History of Gola Dhoro
Gola Dhoro site dates back to 2500-2000 BC and excavations in the region have been carried out since 1996 by the Maharaja Sayyajirao University, Vadodara. Firstly a unique Harappan seal, hollow from inside, was found here. Further research has established the presence of trade and manufacture in this region which has rendered a significant prominence to this small Harappan site owing to its contribution in developing the economy of Indus Valley Civilisation.
Artefacts Excavated in Gola Dhoro
Prominent artefacts excavated in Gola Dhoro comprise craft items of semi precious stones and shells, stone beads, articles of copper and faience, unicorn seal having a hollow space inside, copper knives having bone handles and other s eals. Extensive amount of copper objects have been furnished in Gola Dhoro. An axe possibly used for recycling of precious metals, a copper vessel with eight bangles, a unique copper battle-axe known as 'parashu' are some of the significant articles found here. The battle axe was quite small in size which suggests its utility in ritualistic purposes. Copper knives were found along with fish bones which establish their use for drying of fishes. Copper adhering clay crucibles have been discovered in heavily tampered condition which supports the possibility of their use for copper smelting. Huge black ware storage jars found here indicates that the people of this site were actively involved in overseas trade and these were utilized for the transport of goods to Magan, which is the present day Oman.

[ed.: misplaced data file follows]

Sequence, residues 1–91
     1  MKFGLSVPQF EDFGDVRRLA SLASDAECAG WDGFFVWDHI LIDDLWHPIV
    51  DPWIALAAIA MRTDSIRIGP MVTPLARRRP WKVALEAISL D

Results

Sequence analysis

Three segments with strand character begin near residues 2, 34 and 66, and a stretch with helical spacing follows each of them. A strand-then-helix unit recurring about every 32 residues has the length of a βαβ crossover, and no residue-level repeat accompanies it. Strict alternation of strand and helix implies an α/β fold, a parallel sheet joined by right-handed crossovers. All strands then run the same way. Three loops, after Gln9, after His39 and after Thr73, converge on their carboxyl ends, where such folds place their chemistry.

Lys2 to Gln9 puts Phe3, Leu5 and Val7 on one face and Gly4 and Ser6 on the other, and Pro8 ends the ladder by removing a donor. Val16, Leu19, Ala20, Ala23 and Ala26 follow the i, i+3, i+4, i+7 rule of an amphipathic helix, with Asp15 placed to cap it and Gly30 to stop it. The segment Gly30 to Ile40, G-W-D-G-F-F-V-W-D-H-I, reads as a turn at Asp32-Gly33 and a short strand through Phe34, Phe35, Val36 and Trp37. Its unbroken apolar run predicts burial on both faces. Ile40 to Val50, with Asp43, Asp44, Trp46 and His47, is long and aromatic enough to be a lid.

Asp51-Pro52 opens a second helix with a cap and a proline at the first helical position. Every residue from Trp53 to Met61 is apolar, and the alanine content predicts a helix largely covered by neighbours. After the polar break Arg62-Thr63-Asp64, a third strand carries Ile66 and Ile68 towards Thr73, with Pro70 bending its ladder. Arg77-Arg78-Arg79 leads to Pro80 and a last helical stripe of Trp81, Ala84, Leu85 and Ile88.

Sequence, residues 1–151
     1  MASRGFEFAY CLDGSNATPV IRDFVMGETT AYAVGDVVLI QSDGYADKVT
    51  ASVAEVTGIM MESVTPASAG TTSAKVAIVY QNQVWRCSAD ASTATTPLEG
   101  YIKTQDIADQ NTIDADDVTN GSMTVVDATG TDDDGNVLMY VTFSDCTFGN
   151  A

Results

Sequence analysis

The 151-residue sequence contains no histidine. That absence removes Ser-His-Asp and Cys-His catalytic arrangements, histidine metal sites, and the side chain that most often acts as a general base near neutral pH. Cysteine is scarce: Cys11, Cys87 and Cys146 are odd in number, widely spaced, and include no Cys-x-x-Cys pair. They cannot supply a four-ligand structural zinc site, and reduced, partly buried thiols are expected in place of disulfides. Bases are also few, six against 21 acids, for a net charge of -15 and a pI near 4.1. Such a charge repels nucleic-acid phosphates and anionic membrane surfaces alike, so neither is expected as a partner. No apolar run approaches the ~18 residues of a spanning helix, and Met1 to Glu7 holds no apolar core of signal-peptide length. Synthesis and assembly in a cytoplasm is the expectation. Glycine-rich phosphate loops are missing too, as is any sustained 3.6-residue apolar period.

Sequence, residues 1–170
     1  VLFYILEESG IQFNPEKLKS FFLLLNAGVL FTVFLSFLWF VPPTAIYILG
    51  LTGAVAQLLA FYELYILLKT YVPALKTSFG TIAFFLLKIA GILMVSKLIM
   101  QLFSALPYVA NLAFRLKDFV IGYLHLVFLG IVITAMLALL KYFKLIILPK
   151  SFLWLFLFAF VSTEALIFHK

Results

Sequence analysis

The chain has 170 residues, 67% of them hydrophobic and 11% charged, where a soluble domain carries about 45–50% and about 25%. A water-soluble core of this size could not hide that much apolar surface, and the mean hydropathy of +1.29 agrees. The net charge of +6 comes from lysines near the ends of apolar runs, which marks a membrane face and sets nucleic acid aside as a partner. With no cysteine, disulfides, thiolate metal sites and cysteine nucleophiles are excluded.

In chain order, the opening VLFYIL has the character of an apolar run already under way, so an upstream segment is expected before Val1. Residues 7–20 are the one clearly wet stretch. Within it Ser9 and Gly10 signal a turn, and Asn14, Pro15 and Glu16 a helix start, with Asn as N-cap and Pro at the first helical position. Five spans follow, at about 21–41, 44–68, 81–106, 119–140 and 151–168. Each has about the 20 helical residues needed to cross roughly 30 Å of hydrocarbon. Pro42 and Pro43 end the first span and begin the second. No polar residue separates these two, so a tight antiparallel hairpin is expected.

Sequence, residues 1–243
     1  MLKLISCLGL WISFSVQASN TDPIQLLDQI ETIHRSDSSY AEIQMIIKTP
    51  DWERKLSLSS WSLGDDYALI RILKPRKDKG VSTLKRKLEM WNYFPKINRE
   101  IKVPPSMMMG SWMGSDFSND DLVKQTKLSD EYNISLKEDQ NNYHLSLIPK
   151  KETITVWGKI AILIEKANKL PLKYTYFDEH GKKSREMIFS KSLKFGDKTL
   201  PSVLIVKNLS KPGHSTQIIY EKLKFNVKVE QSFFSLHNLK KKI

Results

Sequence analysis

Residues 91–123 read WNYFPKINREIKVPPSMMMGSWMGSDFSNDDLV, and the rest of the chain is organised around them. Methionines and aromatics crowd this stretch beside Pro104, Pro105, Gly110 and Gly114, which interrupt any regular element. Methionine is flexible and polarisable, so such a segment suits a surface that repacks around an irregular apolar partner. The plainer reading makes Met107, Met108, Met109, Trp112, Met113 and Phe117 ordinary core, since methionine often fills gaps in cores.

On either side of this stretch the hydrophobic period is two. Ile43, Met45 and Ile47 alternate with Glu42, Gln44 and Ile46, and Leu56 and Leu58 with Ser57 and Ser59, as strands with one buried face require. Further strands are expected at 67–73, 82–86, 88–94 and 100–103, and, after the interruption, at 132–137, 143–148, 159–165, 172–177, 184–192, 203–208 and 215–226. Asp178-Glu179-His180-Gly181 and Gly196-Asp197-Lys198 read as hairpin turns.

Harappan Seals in Gola Dhoro
Five steatite seals with inscriptions of unicorn on them have been found here. Such seals are very common among the excavations of urban centres of Indus Valley Civilization which were significantly used in trade activities. One of the seals has been found to have a deep scooped out cavity shaped in a rectangular socket pattern. However its use has not been deciphered yet. This unique seal has not recovered in any other sites of Indus Valley Civilization.
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